And though your mind be filled with many words and many wisdoms, seeking to lead you astray; though your life be filled with riches seeking to capture your heart and love, or filled with troubles seeking to rob you of your hope, the work of Christ continues in you with His Word of life, to lead you in His way of truth. The way of repentance and reliance on Him.


And though satan wants to kill you and constantly holds the sword of your sin and guilt over you, the work of Christ continues in you by continually raising you to life in Absolution: proclaiming that your sins are not held against you - they were held against Christ on the cross. And if they are on Him then they are not on you, and so you are forgiven.


And though your sinful flesh wants to gorge you with the things of this world that do not satisfy, the work of Christ continues in you to fill you with what does truly satisfy the longings and desires of your heart as He fills you with Himself, feeding you with His own body and blood, given and shed for you.


Apart from Him and His work, we would lose, and lose big. Both the pleasures and persecutions of this world would quickly destroy us. But as this eternal Gospel has lasted through so many generations, so many challenges, so many temptations, so many assaults, so many persecutions, so it will last in you. Not because of you; because of Him. The One who is faithful, the One who is true, the One who is your Lord and Saviour.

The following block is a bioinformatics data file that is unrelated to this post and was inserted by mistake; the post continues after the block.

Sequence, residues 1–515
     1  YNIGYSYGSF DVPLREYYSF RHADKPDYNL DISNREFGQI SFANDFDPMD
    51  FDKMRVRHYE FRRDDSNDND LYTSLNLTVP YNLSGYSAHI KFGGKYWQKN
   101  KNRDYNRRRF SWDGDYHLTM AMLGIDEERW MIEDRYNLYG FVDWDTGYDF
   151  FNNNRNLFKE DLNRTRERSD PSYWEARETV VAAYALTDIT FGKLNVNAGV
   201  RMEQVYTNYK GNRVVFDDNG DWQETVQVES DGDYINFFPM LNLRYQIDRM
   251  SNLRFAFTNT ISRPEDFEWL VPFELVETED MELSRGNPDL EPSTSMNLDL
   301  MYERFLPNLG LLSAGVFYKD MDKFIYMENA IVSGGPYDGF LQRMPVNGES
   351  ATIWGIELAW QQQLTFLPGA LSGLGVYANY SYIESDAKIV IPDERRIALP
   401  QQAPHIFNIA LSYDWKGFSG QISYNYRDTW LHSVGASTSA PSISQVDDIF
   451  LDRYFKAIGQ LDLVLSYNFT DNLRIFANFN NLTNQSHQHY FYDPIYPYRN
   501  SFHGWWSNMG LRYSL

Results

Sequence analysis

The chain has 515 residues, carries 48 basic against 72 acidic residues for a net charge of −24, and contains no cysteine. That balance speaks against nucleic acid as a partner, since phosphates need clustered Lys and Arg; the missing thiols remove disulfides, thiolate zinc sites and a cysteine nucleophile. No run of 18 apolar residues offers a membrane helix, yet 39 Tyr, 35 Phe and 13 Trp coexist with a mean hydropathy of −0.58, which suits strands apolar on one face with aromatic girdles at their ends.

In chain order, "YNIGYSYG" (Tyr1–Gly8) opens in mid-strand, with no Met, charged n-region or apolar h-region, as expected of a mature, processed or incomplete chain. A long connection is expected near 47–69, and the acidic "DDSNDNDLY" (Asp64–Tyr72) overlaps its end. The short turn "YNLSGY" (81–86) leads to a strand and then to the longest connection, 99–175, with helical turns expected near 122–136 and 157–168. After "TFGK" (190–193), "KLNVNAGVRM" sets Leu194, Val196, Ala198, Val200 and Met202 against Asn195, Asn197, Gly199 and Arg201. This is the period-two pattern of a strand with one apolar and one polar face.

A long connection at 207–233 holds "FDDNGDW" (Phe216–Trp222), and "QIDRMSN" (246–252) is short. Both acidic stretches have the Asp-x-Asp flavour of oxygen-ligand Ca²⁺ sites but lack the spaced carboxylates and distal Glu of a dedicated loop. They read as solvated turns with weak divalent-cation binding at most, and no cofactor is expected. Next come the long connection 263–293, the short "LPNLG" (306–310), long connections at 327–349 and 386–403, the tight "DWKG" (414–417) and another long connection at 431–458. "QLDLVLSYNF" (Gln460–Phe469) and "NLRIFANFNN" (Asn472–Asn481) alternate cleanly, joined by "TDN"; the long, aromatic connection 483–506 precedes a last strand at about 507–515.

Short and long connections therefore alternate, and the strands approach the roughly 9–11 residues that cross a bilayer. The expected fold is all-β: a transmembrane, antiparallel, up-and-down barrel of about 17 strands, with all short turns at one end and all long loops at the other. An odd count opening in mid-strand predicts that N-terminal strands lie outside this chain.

And so you need not wonder: is this for me? Yes, it is for you. For it is for every nation and tribe and language and people. It is for all who are stuck in sin and death and cannot set themselves free. For the Son has come and set you free. And if the Son sets you free, you are free indeed. Both now and forever. For though the day of judgment is coming, for you it has, in fact, already come. Your Saviour has spoken His “not guilty” upon you here, for He has taken your condemnation on the cross. What then remains for you now is forgiveness and life. Life in Him. Which is true life. The life of the Gospel. An eternal Gospel which gives eternal life.


Now, it may not always look like the Gospel is winning, or that it’s even working at all. That’s okay. We do not know the plan of God, how He is building, and how He is pulling down so that He may build. But that He is working and building, have no doubt. On this you have His Word, and the witness of generations past. And most of all, you have the witness of the cross - the place where above all places it looked like satan had won; but which was, in fact, the place of his defeat. For there, death did not win - life won.


So come now and receive again that life. Receive Him who has done - and continues to do - such great things for you. Come and join the “angels and archangels and all the company of heaven” - all those who have gone before us - at the feast of our Lord. Come and feast on Him who loved you then, who loves you now, and who will love you forever. Come, He is here for you.


In the Name of the Father and of the (+) Son and of the Holy Spirit. Amen.


Now the peace of God which passes all understanding, keep your hearts and minds through faith in Christ Jesus, our Lord.  Amen.